My GPS or phone can tell me to take a different route because my current path has heavy traffic… but only because I’m allowing my location and route to be shared and combined with other people’s to predict traffic.
I can contact my friends at almost any time… as long as I’m ok with the fact that they can always contact me and I need to keep my phone with me at all times.
I can have relevant ads show up, telling me about the latest products and deals that interest me… but only if I’m ok with the fact that my searches, data, personal information and preferences are being tracked, recorded, data mined and build into algorithms that know more about my interests than I do.
New technologies afford us many oppertinitues, usually in terms of increased connectivity, access to information and speed. And it’s amazing. Without a doubt the average person living in North America has more access to more information than anyone in human history. What’s more the production and distribution of citizen media is now easier than ever before. But at a cost. Is the average person aware of just how much of their personal information they are giving up? And now that its so easy for everyone to blog, and tweet and write an article or post a video how much low quality, irrelevant content and misinformation is now on the internet? Here’s a few examples to consider:
Affordances – lets me connect with my friends, chat with them, share photos, videos, links, find news, look at the information of people I don’t talk with regularly, share thoughts and so much more.
Costs – access to location, access to pictures, access to private messages, a complete archive of every action, every word I have ever typed into the website. Oh and the fact that I get dozens of notifications distracting me on a daily, no hourly basis. And that’s after turning off as many settings and options as possible.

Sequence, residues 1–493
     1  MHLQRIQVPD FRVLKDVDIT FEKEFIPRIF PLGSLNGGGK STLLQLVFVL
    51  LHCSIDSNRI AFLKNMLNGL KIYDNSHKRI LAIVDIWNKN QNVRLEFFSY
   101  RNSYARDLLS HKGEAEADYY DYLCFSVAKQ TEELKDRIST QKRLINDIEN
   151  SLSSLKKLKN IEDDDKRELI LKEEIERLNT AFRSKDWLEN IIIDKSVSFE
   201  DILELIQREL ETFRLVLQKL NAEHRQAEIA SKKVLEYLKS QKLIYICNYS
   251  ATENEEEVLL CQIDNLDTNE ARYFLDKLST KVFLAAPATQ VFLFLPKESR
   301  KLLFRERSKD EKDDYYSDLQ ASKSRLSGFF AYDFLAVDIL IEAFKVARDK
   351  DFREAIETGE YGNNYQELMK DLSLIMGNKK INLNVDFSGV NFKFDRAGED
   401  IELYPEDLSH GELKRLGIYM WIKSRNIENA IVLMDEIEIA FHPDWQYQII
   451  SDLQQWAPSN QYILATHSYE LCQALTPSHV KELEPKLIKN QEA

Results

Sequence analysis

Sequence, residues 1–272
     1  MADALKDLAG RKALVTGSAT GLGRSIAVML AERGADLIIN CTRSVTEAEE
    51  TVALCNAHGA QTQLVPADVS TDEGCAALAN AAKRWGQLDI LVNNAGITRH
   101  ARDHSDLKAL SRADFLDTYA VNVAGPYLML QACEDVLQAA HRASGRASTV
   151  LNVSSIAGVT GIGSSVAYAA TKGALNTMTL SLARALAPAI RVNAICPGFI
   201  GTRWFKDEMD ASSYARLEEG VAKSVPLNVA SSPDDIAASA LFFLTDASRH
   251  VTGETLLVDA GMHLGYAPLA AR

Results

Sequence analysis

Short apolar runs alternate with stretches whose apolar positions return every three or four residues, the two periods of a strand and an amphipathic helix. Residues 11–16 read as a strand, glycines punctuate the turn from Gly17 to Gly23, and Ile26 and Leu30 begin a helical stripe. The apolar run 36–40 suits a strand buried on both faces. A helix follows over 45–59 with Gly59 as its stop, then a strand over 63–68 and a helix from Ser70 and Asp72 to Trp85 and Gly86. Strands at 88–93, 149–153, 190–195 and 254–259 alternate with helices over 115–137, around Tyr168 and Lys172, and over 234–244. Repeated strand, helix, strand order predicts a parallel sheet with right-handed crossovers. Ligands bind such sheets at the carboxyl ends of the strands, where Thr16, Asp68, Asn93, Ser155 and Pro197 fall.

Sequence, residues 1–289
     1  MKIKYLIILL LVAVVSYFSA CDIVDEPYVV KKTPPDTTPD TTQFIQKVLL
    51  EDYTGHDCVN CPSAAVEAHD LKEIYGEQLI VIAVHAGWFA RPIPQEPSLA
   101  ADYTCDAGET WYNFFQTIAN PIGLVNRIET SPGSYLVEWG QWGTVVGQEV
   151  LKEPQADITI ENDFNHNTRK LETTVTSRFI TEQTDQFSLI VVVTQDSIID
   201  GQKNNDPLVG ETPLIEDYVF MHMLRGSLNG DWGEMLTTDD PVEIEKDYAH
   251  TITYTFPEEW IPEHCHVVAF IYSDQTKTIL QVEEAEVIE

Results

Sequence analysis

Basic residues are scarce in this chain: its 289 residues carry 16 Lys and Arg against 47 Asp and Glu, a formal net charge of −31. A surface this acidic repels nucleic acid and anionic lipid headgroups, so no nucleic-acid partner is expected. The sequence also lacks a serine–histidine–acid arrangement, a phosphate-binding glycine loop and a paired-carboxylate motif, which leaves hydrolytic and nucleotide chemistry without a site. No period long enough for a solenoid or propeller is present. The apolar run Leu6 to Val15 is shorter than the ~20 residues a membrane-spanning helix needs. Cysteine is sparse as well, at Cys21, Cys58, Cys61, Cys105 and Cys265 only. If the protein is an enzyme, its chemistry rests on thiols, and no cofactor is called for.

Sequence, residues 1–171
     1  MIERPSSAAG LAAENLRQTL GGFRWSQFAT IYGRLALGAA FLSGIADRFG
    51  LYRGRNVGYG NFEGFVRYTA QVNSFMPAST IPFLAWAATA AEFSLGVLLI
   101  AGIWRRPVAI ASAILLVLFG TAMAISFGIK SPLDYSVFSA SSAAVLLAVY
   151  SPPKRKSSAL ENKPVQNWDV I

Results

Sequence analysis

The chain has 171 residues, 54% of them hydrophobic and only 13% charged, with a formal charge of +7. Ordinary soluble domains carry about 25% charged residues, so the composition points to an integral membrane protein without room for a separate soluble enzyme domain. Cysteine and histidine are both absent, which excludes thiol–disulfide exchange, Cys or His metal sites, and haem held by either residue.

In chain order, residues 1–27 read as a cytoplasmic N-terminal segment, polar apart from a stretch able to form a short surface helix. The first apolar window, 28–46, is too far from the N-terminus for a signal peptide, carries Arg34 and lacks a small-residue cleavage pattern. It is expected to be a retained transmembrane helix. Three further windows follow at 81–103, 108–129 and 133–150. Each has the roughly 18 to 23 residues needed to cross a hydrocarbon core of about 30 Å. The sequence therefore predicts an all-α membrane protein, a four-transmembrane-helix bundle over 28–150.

Facebook is in a way a citizen media – it is primarily hosting user generated content. But what about different types of citizen media, like citizen journalism?
Affordances – Allows people with smart phones to live tweet events, groups can combine their social media power to trend topics to draw attention to issues, media can be shared publicly and instantly.
Costs- all tweets are archived, and citizen journalism can lead to misinformation. How often does twitter think a celebrity has died, #RIPcelebrityname trends worldwide just for the person to be alive and healthy?
3. Alternative news papers and blogs
Affordances – allows individuals to publish and circulate their own news. Allows people to access information not biased by corporate interests.
Cost – misinformation and a lack of adherence to professional or ethical guidelines.
We have the most access to technology, the coolest inventions, the greatest connectivity ever. But it costs us a lot of our personal information, and forms of citizen media runs certain risks.
Is it worth it?
To put it simply… Yes. To reject this technology would be crazy. What we need are informed users, who make conscious decisions about what they use, what it allows them to do and what it costs them. We don’t need luddites, we need people who think about the technology and media they engage with. Something like the Slow Media movement.
As for affordances and costs of citizen media, while there is a lot of opportunity for misinformation and a lot of junk on the internet because anyone with a computer can make anything nowadays it’s worth it for the opportunities it provides. Movements like Black Lives Matter, environmental activism and local community interests can come to light thanks to citizen media.
So check your setting, delete unnecessary apps and decide what you’re ok with sharing. Step outside the mainstream and pay attention to citizen media news sources but ask questions. We have technology offering more affordances than ever before, so use it.